2. Identify and inspect all equipment containing mercury. During our review, we found old lamps, a flowmeter, and a damaged barometer containing elemental mercury. The primary concerns associated with the equipment include: a) equipment failure could result in accidental exposure or a release of material, or b) improper disposal of the mercury containing equipment could result in an environmental release of mercury. During our review, we located two mercury lamps that were routinely used by the faculty to provide a comparison of different wavelengths of light. Upon inspection, we noted that the seals on both units were cracked and in poor condition. As a result, it was possible that mercury could slowly evaporate and escape the units over time. The rate of mercury loss may have been accelerated each time the units were turned on and the mercury was heated. The lesson here is know what the equipment contains and what safe guards are required to be maintained in order to safely operate the device.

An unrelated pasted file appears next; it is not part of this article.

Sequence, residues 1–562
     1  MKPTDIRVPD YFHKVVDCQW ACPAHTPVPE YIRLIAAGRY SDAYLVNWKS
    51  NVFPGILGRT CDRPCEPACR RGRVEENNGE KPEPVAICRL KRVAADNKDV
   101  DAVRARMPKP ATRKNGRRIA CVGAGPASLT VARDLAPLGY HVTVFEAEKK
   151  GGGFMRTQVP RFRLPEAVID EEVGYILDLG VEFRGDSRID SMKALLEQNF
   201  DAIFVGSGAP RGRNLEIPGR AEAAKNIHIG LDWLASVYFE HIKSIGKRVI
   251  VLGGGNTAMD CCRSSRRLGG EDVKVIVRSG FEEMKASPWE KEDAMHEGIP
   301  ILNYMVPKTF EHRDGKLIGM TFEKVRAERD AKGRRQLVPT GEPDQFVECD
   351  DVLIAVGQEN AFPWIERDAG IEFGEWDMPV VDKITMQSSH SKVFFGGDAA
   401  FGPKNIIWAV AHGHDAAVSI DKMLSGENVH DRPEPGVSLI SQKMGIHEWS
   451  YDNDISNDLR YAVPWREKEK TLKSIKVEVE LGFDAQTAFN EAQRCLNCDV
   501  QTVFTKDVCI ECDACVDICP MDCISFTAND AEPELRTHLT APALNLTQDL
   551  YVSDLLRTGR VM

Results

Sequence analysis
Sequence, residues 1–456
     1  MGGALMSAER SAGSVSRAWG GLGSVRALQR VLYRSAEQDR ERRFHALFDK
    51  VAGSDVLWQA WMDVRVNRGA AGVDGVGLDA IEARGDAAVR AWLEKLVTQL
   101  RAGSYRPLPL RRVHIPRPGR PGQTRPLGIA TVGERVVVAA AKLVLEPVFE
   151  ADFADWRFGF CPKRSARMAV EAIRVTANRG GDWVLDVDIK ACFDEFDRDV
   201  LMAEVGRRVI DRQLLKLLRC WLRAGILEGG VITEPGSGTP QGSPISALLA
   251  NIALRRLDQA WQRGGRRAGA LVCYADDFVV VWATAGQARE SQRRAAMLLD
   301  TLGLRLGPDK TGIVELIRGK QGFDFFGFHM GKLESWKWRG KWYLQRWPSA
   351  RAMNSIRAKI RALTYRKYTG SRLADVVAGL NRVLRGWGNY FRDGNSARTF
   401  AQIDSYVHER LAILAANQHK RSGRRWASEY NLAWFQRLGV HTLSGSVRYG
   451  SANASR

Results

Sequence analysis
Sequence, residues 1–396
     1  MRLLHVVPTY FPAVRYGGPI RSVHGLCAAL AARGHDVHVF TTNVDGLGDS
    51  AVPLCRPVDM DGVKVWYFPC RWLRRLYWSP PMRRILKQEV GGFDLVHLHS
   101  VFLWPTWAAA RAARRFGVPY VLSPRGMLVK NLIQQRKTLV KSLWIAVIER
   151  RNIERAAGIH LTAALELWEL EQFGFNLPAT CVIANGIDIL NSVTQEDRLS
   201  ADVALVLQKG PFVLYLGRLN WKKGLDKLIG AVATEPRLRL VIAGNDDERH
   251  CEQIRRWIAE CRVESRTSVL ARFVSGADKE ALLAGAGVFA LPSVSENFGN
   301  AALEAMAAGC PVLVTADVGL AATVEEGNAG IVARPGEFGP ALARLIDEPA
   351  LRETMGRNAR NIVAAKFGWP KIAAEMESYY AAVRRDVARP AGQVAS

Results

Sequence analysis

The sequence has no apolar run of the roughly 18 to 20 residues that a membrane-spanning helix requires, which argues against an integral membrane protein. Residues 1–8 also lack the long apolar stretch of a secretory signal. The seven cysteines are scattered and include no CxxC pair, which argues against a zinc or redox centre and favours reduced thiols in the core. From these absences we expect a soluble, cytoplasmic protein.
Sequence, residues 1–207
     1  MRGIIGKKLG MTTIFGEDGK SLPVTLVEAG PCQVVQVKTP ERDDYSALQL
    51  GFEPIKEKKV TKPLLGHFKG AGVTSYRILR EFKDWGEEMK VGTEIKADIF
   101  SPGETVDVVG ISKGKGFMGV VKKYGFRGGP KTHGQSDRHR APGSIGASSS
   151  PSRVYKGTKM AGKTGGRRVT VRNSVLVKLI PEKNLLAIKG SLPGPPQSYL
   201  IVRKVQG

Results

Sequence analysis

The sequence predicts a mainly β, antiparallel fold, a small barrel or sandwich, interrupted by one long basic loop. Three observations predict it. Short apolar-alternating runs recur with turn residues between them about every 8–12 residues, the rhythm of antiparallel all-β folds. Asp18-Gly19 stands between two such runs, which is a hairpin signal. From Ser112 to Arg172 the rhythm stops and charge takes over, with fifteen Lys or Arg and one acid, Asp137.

3. Train and equip your staff for mercury releases. Unless you totally eliminate mercury from your school, you must train and equip your staff for releases. Otherwise you risk creating a long-term hazard in your building. In December 1997, a mercury release occurred at a school in Keene, New Hampshire. The staff recognized that the release posed a health hazard and attempted to respond to the release. Unfortunately, their response was ill conceived. They used a vacuum cleaner to collect the elemental mercury. This approach enhanced the volatilization of the mercury and increased the total area of the school contaminated by mercury. They turned a small manageable problem into a large and costly exposure incident that required professional assistance to resolve. Plan ahead and be prepared.